Archive for November, 2010


Nov 9

Clarus 2010: Q&A with Randy Alcorn and Wayne Grudem Recap

2010 | by Trent Hunter | Category: Clarus 10

Over the last two months we’ve sprinkled the blog with videos from Ryan Kelly’s question and answer session with Randy Alcorn and Wayne Grudem from Clarus 2010. Below are links to the videos under the major headings we used for our recent Clarus 2010 Q&A blog series.

Questions about Creating Money

Questions about Spending Money

Questions about Giving Money

Questions about Investing Money

Questions about Slavery, Poverty, and Evangelicalism

Questions about Gender Issues, Dividing Issues, and Parenting

If you missed the plenary sessions (or want to re-listen), the audio to this, as well as the previous year’s conference weekends, is on the DSC/Clarus website.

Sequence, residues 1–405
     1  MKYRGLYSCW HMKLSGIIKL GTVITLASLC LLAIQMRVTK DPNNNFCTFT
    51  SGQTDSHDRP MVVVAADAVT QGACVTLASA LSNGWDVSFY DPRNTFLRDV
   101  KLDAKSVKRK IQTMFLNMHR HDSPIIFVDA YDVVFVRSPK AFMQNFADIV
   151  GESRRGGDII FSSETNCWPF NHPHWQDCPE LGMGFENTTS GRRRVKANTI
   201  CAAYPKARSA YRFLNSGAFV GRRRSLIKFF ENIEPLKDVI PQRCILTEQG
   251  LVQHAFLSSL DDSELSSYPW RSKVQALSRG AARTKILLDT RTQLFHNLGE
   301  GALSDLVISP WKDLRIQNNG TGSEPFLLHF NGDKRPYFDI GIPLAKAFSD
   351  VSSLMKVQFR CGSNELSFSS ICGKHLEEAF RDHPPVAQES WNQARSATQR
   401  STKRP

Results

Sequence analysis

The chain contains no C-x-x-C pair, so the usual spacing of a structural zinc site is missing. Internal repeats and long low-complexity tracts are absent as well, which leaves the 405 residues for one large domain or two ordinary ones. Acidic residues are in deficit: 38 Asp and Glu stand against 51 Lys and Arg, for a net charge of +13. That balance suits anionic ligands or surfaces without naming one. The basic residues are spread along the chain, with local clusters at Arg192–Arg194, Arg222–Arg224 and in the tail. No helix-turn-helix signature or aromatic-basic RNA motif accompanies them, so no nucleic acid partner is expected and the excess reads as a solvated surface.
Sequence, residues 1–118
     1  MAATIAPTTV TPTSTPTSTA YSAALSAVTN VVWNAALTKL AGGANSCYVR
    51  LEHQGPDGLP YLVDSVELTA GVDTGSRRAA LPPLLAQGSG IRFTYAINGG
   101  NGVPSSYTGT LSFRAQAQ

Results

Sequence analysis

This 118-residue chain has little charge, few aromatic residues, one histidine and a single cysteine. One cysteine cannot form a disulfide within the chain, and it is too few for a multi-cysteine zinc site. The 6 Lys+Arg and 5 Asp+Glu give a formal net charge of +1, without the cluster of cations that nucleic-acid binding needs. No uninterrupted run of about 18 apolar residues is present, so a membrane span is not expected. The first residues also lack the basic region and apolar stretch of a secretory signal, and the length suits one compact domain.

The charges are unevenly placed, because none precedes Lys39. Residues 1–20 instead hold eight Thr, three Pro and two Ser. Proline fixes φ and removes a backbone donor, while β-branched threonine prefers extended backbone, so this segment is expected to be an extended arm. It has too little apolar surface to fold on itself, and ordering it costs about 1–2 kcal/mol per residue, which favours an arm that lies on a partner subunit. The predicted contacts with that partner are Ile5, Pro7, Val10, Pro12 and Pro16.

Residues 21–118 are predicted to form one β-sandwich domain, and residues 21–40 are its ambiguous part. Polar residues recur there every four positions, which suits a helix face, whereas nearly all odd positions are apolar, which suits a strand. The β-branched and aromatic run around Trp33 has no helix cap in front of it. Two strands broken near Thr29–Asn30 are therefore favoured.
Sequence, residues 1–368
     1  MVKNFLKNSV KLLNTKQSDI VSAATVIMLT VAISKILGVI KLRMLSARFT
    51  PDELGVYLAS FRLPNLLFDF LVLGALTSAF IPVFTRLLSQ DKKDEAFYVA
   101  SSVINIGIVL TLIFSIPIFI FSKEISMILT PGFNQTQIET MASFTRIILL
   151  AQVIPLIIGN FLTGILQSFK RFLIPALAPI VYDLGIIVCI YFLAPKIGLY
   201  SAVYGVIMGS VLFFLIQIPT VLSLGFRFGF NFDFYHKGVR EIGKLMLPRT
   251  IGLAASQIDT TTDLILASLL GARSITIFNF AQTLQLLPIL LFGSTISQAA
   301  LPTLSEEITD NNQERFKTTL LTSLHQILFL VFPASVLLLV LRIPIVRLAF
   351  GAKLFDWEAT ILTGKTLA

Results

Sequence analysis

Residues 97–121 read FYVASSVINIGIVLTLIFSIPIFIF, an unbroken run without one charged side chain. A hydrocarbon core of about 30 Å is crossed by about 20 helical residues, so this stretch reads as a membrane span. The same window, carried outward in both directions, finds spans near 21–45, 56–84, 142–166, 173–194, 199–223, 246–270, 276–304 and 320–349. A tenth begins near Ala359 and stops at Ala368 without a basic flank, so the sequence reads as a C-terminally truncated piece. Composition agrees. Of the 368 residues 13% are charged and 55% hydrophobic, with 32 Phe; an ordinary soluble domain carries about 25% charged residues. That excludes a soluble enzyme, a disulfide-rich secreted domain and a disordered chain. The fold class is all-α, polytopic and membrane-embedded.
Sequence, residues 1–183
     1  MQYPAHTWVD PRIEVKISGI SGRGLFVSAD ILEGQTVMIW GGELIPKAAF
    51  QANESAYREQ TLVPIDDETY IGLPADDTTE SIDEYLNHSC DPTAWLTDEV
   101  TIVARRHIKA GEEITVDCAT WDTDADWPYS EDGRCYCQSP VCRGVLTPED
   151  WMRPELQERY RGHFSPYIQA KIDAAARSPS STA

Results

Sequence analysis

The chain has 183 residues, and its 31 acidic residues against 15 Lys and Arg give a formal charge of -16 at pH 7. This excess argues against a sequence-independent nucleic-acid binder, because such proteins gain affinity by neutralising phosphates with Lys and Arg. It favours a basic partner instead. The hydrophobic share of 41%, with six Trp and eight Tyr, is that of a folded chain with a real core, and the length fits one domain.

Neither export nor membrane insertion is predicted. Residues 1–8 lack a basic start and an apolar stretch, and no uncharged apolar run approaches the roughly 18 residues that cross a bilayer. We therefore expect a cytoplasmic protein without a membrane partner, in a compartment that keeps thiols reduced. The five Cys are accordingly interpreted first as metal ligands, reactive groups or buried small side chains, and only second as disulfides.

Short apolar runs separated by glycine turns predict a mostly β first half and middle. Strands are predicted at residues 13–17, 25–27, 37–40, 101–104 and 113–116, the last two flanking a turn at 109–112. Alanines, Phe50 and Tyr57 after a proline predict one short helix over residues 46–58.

Nov 6

Getting Connected with the Body at DSC

2010 | by Trent Hunter | Category: Administrative

As the body of Christ, we mean to be with one another at various times and in various ways to do the kinds of things that “make the body grow so that it builds itself up in love” (Ephesians 4:16). But how and when to get connected is not necessarily intuitive. If a family of two has a central calendar and rhythms of communication, how much more important is clear and purposeful communication for the family of God.

What follows is a list of the various channels and contexts for connecting with the body at DSC. Some of these are less obvious than others. For example, the Calendar Card, Prayer Force email, E-Newsletter, and Facebook Page are useful but not as obvious as the Sunday Bulletin or the DSC Website.

Connecting on Sunday: